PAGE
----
About two dozen parents and kids walked around the LEC Saturday to promote affordable child care. (Dan Ferguson/Langley Advance Times)

VIDEO: Langley march calls for affordable daycare

Stroller Brigade on Saturday was one of several such demonstrations in B.C,

About two dozen parents and kids marched around the Langley Events Centre Saturday afternoon, carrying signs that read, “Kids matter/Invest in child care now,” “we want $10/day child care,” and “vote child care.”

Organizer Alicia Rempel was pleased by the turnout.

“It’s our first year,” she noted.

“It’s not an issue that has typically received much attention.”

There were other stroller brigades in other B.C. communities Saturday, all lobbying for affordable and accessibility child care.

“We would like to see a national child care strategy,” Rempel told the Langley Advance Times.

READ MORE: B.C. adds another 300 child care educator training spaces

Among the marchers was a family of five.

Dave Wenzel and his wife have been trying to plan ahead before they settle into their new neighbourhood of Willoughby next year, but one thing they’ve been struggling to check off their to-do list is find child care for their three young children.

“In planning ahead we’ve found that we will have no before and after care for our kids in place due to lack of space availability,” said Wenzel.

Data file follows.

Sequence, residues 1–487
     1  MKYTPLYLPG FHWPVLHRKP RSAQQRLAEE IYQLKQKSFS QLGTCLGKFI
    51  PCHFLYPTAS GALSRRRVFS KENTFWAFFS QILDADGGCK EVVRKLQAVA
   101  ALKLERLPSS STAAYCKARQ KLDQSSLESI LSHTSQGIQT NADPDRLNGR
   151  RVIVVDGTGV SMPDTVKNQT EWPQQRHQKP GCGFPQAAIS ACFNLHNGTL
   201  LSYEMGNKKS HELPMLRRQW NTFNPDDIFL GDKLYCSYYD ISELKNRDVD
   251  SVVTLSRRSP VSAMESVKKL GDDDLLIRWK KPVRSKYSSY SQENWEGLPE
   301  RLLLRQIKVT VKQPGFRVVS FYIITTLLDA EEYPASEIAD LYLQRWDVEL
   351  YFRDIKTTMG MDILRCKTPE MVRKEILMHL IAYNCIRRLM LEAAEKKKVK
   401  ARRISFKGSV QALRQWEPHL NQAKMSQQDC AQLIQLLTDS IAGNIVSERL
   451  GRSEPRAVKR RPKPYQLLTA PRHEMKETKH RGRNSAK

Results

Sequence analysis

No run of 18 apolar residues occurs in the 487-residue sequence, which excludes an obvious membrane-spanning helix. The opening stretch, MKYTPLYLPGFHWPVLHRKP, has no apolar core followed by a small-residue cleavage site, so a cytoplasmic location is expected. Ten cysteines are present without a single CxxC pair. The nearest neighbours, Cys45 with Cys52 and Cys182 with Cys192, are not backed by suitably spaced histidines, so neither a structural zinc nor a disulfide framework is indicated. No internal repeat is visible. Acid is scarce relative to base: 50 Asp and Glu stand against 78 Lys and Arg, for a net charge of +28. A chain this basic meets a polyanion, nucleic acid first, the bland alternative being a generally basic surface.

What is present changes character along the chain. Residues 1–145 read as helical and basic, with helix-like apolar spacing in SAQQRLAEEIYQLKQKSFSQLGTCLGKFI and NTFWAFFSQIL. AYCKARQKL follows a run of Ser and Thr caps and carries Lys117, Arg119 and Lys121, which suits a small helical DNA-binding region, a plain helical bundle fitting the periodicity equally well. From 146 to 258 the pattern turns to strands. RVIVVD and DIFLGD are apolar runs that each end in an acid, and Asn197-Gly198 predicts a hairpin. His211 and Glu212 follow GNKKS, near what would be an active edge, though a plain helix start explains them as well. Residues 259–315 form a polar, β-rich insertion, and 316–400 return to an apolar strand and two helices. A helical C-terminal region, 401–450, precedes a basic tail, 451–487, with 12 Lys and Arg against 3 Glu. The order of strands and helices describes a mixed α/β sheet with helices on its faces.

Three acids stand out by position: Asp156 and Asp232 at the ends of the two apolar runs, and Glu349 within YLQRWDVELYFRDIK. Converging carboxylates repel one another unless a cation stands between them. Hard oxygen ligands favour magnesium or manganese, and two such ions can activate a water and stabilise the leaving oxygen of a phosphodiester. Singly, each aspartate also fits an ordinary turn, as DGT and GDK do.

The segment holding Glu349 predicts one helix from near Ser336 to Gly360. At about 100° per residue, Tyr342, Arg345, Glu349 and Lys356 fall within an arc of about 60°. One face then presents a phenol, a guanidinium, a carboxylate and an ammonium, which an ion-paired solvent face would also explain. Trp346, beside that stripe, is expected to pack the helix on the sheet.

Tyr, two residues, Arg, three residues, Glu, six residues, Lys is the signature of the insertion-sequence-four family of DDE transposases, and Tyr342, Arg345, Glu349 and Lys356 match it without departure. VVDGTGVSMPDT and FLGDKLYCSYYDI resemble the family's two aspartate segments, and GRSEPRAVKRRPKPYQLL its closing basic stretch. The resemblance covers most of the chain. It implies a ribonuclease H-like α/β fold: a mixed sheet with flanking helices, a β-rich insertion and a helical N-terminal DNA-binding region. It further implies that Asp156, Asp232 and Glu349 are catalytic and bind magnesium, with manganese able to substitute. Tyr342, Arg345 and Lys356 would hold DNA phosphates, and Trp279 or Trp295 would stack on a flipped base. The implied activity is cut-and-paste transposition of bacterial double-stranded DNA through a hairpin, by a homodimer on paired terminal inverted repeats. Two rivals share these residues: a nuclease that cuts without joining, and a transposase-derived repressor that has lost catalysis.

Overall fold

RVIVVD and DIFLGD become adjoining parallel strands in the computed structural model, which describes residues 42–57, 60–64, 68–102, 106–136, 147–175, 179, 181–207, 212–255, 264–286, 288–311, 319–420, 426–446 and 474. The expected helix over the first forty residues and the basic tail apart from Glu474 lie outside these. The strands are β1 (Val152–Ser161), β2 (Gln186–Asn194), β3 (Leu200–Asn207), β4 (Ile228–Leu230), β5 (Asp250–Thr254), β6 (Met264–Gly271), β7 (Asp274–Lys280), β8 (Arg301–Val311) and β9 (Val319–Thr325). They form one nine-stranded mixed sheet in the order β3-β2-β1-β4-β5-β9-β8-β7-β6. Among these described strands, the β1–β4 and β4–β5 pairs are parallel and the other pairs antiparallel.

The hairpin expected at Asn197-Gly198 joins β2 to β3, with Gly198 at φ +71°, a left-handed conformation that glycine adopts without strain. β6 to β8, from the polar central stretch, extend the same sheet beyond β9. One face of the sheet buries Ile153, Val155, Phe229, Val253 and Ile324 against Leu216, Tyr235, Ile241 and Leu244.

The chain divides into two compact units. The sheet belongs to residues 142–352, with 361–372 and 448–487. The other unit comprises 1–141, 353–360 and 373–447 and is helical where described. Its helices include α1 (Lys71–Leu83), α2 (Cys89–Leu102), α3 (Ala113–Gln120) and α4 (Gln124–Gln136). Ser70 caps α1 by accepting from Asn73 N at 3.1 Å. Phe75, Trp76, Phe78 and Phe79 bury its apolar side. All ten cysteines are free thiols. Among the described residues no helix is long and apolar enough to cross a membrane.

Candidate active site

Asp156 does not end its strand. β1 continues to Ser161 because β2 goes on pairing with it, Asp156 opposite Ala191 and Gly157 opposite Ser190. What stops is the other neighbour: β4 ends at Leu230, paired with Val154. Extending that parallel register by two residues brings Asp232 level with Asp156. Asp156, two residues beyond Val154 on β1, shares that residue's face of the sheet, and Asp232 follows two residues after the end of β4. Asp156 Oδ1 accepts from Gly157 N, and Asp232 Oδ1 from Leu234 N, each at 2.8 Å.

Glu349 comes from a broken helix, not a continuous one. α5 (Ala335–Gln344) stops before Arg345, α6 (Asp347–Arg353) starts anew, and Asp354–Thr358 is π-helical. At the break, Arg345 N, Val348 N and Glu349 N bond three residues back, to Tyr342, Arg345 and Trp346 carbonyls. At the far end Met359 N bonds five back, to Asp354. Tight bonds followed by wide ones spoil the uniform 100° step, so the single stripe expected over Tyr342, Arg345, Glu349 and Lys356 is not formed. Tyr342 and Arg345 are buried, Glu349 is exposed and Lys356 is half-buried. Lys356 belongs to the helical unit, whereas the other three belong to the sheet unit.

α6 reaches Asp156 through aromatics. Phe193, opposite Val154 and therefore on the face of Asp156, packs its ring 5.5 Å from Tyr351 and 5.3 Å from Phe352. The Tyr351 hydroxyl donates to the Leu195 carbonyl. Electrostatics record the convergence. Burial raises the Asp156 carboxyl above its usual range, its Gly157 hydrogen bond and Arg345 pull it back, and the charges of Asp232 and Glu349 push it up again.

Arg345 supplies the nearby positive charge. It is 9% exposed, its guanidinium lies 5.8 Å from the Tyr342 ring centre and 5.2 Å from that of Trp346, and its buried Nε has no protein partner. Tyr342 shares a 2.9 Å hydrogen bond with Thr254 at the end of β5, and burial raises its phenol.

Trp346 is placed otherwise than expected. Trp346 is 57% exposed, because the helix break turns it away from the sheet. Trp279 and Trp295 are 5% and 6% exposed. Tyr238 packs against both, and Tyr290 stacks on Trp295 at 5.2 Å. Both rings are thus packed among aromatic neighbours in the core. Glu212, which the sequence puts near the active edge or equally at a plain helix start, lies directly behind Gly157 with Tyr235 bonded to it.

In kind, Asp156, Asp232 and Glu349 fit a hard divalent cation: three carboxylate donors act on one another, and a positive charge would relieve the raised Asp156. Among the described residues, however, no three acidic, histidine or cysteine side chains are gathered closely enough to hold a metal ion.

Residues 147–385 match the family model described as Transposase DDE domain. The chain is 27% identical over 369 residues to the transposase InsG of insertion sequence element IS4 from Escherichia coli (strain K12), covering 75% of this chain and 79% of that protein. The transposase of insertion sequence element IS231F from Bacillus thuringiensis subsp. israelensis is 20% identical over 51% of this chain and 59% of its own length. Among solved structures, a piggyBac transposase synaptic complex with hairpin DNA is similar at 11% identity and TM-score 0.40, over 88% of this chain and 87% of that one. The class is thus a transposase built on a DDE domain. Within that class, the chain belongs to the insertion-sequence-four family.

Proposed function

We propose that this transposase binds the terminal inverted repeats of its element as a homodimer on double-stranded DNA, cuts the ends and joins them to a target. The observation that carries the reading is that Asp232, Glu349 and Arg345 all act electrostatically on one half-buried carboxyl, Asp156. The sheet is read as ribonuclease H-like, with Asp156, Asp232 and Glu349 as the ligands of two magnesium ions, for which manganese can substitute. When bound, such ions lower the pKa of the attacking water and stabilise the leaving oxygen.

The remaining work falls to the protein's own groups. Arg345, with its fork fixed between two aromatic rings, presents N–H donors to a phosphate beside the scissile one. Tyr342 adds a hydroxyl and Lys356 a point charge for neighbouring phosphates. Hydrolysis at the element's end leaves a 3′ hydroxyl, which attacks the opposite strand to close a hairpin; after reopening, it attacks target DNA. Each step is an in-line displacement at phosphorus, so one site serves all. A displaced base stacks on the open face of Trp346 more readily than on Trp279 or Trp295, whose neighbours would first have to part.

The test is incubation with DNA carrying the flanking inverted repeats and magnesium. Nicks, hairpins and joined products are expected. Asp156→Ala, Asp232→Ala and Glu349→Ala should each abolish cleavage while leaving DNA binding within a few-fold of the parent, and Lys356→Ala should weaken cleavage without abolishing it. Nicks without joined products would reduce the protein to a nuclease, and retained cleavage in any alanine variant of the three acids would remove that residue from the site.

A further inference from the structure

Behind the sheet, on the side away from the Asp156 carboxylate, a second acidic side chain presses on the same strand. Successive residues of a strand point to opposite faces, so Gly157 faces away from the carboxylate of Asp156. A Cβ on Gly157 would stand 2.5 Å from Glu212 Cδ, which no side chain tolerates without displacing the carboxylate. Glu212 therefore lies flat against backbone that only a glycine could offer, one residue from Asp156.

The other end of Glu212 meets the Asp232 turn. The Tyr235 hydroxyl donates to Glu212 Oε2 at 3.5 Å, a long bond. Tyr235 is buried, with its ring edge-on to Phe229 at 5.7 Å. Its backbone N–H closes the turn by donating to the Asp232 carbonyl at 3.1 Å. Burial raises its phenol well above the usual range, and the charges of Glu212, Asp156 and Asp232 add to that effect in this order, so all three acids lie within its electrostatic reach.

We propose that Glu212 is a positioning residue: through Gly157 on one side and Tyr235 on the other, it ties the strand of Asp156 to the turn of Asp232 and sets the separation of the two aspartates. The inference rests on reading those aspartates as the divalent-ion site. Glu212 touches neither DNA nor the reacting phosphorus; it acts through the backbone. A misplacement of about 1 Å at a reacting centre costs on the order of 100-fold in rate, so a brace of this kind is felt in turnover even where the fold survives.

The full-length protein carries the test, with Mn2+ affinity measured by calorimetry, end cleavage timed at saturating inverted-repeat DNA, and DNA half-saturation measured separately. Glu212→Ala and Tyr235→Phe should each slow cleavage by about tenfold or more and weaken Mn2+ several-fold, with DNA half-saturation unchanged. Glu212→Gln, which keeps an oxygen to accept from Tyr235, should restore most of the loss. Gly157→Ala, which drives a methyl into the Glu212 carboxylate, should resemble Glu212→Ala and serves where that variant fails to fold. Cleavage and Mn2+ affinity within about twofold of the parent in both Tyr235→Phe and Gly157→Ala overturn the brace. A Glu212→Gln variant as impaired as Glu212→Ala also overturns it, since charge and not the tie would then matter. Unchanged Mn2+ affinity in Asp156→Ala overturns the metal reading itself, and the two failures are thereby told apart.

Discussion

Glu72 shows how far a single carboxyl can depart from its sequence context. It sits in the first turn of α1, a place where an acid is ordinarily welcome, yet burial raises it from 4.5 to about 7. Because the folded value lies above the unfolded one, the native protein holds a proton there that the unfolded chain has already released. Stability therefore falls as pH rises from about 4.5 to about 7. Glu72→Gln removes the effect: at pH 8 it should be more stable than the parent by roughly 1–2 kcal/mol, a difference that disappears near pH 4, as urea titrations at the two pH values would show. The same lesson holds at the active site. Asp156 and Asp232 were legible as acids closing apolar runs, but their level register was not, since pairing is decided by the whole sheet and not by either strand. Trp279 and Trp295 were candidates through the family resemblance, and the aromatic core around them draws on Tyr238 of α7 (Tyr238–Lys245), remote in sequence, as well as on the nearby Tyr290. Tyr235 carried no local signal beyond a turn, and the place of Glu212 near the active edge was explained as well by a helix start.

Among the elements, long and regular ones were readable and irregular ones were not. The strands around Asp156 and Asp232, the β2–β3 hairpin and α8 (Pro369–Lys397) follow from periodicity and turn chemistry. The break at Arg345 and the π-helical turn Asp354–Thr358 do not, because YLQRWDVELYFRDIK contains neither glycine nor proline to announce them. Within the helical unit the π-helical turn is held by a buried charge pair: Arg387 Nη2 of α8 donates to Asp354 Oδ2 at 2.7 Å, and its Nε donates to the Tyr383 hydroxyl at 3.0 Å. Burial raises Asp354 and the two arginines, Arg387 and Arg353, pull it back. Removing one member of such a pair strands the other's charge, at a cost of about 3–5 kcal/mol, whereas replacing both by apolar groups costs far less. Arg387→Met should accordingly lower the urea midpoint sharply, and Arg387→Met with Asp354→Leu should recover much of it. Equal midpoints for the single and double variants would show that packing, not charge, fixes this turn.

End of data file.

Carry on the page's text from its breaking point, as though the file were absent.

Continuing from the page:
Wenzel works in Burnaby and his wife in downtown Vancouver. Wenzel says the only way the pair can accommodate their children’s schedule is if their employer agrees to a four hour workday.

“My wife and I both work to be able to provide a nice home for us to live in and grow up,” he said. “It’s extremely frustrating.”

Their children are currently on a wait list for a local child care facility in the community, but risk losing their $100 deposit if space at the centre doesn’t open up in time to accommodate their family.

The pair will have two girls entering Willoughby Elementary and a son attending Yorkson Creek Middle after they leave their Coquitlam residence.

Wenzel said the after school programs at Yorkson Creek are “sporadic” and not full-time.

He inquired about a township-run two hour after school program called Active Beyond the Bell, which encourages kids to stay active and healthy, but said the school doesn’t participate.

“So frustrating for parents who may have a child of 11 or 12 years old that may not be ready to stay at home for an extended period of time while the parents are working,” he said.

Langley-Aldergrove NDP candidate Stacey Wakelin, whose party has promised to cap day care costs across Canada at $10 a day by 20130, also took part.


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Alicia Rempel (R) was one of about two dozen parents and kids who walked around the LEC Saturday to promote affordable child care. (Dan Ferguson/Langley Advance Times)

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